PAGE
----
Online learning is widely used recently in computer sciences, due to its effi- ciency in calculation and well theoretical results. Compared with the classical batch learning in learning theory, online algorithms update the output only according to the last sample point. So such algorithms are very effective to handle the practical problems and have been studied in      and etc. However, as the technologic development of data analysis, there are risks for applying such algorithms on a big data set. A commonly used notion for mea- suring the risk is differential privacy  . Little references on this topic can be found except for  . There the authors conducted an analysis for online convex programming. Choice for the parameters of differential privacy and utilities ana- lysis are presented for algorithms such as implicit gradient descent and genera- lized infinitesimal gradient descent. In this paper, the line of work begins with  is considered which can be thought as a kernel online learning algorithm.
2. Fundamental Principles
Our setting for online learning is introduced as follow. Let the input space be a compact metric space, and output for some as a regression problem. Denote as the sample space. Assume there is a probability measure on , which can be decomposed to marginal dis- tribution on and conditional distribution on at . Then the regression function is defined by
which is indeed the conditional expectation of given . The regression fun- ction minimizes the least square generalization error (see  for more details)
So learning algorithms always aim to approximate the regression function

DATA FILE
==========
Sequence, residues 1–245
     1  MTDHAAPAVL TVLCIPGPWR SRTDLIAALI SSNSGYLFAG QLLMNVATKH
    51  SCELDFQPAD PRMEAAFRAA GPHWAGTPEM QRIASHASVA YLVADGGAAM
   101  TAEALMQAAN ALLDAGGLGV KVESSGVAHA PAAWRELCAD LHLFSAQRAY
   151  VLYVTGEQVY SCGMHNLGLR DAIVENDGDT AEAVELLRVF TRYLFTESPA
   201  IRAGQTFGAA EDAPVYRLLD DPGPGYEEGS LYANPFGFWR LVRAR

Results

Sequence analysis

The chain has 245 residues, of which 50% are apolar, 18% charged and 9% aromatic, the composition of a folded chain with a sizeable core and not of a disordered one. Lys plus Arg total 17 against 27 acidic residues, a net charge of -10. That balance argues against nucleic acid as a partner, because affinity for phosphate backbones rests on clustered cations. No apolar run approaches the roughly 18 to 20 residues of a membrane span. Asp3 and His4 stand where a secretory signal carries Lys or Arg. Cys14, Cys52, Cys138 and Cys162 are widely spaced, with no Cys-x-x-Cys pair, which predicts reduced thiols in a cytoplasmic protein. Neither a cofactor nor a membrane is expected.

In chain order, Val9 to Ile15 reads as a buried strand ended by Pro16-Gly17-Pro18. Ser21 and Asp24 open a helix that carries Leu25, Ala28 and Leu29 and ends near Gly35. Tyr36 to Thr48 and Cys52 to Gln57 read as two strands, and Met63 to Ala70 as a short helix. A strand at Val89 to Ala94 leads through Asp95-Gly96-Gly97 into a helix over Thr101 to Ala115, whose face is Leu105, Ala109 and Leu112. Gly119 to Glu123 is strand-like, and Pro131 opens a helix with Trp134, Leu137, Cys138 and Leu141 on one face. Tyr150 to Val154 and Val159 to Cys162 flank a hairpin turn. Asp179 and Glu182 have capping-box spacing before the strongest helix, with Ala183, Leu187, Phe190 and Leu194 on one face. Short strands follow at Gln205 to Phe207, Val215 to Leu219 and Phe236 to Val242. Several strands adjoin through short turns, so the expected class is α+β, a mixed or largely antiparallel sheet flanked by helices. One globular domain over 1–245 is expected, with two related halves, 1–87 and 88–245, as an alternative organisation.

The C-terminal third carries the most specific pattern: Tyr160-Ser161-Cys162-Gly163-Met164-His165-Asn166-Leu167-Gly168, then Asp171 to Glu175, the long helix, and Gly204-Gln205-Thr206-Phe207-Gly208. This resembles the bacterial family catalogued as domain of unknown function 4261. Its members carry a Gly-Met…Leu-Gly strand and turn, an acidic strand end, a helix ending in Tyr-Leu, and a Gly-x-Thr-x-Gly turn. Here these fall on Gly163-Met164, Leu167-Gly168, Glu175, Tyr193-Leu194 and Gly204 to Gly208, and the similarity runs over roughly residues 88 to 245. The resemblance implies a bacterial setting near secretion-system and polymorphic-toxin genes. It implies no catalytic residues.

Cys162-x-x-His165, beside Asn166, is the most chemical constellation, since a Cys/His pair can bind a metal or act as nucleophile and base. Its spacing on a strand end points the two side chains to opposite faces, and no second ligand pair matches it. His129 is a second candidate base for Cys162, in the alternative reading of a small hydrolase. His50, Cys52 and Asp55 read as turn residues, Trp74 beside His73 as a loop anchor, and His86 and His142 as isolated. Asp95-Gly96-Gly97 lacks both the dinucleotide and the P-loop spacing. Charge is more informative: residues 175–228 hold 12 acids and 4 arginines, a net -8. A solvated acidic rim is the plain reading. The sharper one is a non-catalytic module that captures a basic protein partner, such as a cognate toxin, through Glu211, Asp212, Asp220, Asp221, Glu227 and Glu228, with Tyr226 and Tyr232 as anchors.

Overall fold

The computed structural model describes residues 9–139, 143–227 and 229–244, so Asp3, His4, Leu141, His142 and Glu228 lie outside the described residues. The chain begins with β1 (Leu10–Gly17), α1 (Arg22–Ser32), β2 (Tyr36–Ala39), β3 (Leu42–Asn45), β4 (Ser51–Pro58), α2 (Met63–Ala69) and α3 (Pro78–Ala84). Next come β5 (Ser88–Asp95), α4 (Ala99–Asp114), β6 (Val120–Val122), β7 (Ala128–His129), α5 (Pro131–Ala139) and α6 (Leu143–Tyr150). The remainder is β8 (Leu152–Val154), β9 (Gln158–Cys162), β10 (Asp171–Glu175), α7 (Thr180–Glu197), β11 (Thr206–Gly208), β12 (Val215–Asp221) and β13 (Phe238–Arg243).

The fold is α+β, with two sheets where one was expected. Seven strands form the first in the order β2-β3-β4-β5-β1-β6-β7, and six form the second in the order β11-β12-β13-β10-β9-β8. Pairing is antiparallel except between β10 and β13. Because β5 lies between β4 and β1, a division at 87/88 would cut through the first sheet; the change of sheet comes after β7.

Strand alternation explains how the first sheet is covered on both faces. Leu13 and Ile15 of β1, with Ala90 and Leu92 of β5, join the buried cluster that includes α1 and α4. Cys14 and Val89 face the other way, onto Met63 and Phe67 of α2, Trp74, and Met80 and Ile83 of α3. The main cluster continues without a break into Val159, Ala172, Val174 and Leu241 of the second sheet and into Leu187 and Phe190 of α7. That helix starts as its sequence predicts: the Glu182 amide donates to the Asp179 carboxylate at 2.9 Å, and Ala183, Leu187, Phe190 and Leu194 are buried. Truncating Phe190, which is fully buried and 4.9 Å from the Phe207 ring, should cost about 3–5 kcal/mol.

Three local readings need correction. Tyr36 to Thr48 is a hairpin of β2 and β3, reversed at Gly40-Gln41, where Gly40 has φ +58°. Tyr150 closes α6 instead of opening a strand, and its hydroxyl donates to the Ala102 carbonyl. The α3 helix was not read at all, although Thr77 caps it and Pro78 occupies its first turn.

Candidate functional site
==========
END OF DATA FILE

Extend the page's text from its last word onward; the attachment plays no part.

based on samples , which are drawn independently from
distribution . Let be a Mercer Kernel, and is the in- duced reproducing kernel Hilbert space (RKHS,  ), i.e., the completion of
where for any with respect to
the inner product . The corresponding norm in is denoted as . Now our online learning algorithm as
with . Here is the step size and is the regularization parameter.
When applying this online algorithm on private data set, it may leak some sensitive information. To deal with this privacy problem, Dwork et al. introdu- ced differential privacy in  . Which can be described as follow. For the sample space introduced above, the Hamming distance between two sample sets is
Definition 1 A random algorithm is -differential pri- vate if for every two data sets satisfying , and every set , there holds
To endow our online algorithm the differential privacy property, a perturba- tion term is added into the output of (3), that is,
where takes value in with distribution to be determined in following analysis.
Differential private online learning has already been studied in  , there the authors consider a differentially private online convex programming problem. Here our algorithm is different, which is based on the Mercer kernels. Our pur- pose in this paper is to firstly provide the explicit density function for and then conduct an error analysis for (6), which reveals the learning rate.
3. Differential Privacy Analysis
In this section, a detail analysis for the perturbation term in algorithm (6) will be conducted. Firstly recall the useful definition of sensitivity and lemma proposed in  .